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Tibial Torsion

January 29, 2024 Staff

Topics - Developmental

Nature, Causes and Treatment of Tibial Torsion

Tibial torsion in children refers to a condition where there is an inward or outward twisting of the tibia (shinbone). This condition affects the alignment of the leg and can influence how a child walks. There are two main types of tibial torsion:

  1. Internal Tibial Torsion: This is more common and involves the tibia twisting inward. In children with internal tibial torsion, the feet tend to point inwards when they walk or run, a condition often referred to as "in-toeing" or "pigeon-toed".

  2. External Tibial Torsion: In this case, the tibia twists outward. It's less common than internal torsion and can result in "out-toeing," where the feet point outward when the child walks.


Tibial torsion can be caused by several factors:

  • In Utero Positioning: A baby’s position in the womb can sometimes lead to tibial torsion. This is particularly the case with internal tibial torsion.

  • Genetics: There can be a hereditary component, where the condition runs in families.

  • Growth Patterns: Sometimes, as children grow, their bones develop a twist naturally. This can correct itself as the child continues to grow.


Pediatricians or pediatric orthopedists typically diagnose tibial torsion through physical examination and, if necessary, imaging tests like X-rays. They will look at the child’s walking pattern, leg alignment, and overall bone structure.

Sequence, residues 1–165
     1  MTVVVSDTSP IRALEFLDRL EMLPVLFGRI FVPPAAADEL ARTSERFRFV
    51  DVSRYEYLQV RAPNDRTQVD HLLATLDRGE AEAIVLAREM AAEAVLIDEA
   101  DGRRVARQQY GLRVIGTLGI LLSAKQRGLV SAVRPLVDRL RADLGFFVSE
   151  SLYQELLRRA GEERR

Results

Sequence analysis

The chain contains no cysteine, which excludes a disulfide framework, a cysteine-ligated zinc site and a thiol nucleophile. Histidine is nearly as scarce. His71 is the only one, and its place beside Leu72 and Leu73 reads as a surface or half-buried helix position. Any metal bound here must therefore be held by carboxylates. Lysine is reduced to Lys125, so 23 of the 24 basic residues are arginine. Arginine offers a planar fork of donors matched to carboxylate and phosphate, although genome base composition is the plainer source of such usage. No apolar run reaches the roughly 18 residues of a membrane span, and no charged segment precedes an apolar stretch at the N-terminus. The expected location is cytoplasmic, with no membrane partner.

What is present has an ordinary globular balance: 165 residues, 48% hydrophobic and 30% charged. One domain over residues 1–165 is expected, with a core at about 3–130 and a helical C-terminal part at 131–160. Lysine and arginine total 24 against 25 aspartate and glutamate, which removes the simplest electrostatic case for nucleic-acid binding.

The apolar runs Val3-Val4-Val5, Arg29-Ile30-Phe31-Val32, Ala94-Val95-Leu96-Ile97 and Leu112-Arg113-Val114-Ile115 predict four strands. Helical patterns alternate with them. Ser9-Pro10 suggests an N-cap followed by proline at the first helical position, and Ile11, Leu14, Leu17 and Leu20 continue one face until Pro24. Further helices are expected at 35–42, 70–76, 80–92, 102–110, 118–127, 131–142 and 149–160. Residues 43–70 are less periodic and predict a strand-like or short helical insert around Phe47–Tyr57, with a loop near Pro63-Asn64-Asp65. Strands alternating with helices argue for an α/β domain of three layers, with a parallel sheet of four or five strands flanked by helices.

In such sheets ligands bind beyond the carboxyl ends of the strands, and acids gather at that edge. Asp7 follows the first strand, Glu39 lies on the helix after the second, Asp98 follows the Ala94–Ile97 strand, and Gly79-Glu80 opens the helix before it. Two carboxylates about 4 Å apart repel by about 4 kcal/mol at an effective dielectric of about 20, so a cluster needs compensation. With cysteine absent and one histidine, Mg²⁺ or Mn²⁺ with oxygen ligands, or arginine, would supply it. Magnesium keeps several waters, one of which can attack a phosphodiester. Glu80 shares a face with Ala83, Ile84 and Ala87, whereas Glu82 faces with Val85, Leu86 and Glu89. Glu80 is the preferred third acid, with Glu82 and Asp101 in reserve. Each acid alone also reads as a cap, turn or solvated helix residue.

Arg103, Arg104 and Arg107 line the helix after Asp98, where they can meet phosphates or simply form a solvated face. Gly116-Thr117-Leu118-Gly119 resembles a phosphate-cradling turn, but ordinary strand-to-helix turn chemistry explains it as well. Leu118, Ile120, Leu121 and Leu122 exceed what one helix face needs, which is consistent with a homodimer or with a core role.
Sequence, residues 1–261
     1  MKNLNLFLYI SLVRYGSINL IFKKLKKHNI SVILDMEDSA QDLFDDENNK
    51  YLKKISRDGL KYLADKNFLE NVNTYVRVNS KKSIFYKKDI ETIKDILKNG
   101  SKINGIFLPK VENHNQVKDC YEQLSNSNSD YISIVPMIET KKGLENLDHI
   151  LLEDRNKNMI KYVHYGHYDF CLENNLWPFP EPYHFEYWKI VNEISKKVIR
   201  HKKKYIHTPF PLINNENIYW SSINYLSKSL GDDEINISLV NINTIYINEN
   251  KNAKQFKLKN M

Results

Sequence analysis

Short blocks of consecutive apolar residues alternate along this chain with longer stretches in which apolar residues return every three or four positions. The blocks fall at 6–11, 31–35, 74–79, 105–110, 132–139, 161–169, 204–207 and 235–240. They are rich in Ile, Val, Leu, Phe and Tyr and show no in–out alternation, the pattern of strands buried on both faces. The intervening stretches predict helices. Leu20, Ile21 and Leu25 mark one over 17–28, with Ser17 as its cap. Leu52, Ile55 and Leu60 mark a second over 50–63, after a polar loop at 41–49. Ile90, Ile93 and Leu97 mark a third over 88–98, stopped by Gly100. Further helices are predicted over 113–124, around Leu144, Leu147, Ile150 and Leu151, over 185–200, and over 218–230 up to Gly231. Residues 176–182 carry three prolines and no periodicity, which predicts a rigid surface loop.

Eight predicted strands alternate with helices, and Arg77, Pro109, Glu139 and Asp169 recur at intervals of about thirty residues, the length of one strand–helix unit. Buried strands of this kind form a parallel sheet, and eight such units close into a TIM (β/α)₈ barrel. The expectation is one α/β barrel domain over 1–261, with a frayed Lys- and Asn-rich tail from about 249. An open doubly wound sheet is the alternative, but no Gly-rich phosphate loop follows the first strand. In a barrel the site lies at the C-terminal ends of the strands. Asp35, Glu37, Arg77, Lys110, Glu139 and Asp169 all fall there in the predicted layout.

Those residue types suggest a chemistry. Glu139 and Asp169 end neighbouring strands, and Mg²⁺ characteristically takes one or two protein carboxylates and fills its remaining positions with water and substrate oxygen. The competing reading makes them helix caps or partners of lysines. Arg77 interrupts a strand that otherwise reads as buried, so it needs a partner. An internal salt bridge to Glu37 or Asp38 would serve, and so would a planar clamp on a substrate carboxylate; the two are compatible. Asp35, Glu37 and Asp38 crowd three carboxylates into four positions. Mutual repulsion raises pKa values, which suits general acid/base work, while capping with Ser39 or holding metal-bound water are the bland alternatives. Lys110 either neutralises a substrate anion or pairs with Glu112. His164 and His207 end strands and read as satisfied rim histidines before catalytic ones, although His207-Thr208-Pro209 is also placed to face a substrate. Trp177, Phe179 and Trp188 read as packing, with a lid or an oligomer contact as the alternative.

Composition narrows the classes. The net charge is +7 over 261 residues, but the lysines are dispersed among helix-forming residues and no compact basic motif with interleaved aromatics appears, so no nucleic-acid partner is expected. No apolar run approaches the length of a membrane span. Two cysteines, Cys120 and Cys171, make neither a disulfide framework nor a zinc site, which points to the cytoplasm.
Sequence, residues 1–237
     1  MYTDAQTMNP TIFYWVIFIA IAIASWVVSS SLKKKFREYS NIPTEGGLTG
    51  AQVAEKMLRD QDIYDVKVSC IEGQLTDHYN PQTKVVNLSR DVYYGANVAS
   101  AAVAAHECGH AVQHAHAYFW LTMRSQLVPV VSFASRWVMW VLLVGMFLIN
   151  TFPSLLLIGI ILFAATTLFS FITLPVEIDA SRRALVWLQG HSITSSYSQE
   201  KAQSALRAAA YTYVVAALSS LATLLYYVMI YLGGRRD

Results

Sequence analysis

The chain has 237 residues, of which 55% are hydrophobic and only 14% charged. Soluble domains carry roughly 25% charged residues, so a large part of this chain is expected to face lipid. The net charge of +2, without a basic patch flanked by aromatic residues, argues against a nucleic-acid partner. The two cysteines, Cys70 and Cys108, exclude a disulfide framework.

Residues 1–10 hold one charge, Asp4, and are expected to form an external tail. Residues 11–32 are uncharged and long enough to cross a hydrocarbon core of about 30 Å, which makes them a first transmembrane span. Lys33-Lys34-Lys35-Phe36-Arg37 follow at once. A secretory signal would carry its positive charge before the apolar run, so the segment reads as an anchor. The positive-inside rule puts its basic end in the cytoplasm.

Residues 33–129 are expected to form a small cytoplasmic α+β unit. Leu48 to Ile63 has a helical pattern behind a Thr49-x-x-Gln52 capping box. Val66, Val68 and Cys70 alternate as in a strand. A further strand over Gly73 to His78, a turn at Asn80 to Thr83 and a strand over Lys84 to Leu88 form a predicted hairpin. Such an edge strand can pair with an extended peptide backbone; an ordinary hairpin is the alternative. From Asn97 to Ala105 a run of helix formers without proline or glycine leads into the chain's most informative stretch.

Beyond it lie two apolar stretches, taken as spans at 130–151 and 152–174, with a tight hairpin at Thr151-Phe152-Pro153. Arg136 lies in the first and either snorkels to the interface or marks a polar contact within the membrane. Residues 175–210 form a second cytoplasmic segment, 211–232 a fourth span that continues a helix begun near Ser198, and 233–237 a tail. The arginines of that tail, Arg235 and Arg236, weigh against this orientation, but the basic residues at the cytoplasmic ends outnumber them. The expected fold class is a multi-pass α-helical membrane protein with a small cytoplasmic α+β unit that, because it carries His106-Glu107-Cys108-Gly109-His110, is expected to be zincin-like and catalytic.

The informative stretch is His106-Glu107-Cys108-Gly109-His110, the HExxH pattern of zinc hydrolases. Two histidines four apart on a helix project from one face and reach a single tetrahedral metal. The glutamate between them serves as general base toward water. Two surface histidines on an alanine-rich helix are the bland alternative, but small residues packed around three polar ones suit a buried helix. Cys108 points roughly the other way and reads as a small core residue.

Most cases of tibial torsion in children resolve on their own as the child grows. Treatment is usually conservative, focusing on monitoring the child's growth and development. In rare cases where the torsion is severe and doesn’t improve with growth, surgical intervention might be considered.


The prognosis for children with tibial torsion is generally very good. Most children outgrow the condition without any long-term issues. The natural process of growth tends to bring the bones into better alignment over time.

It's always important to consult with a healthcare professional for a proper diagnosis and treatment plan if you suspect your child has tibial torsion or any other orthopedic concern.

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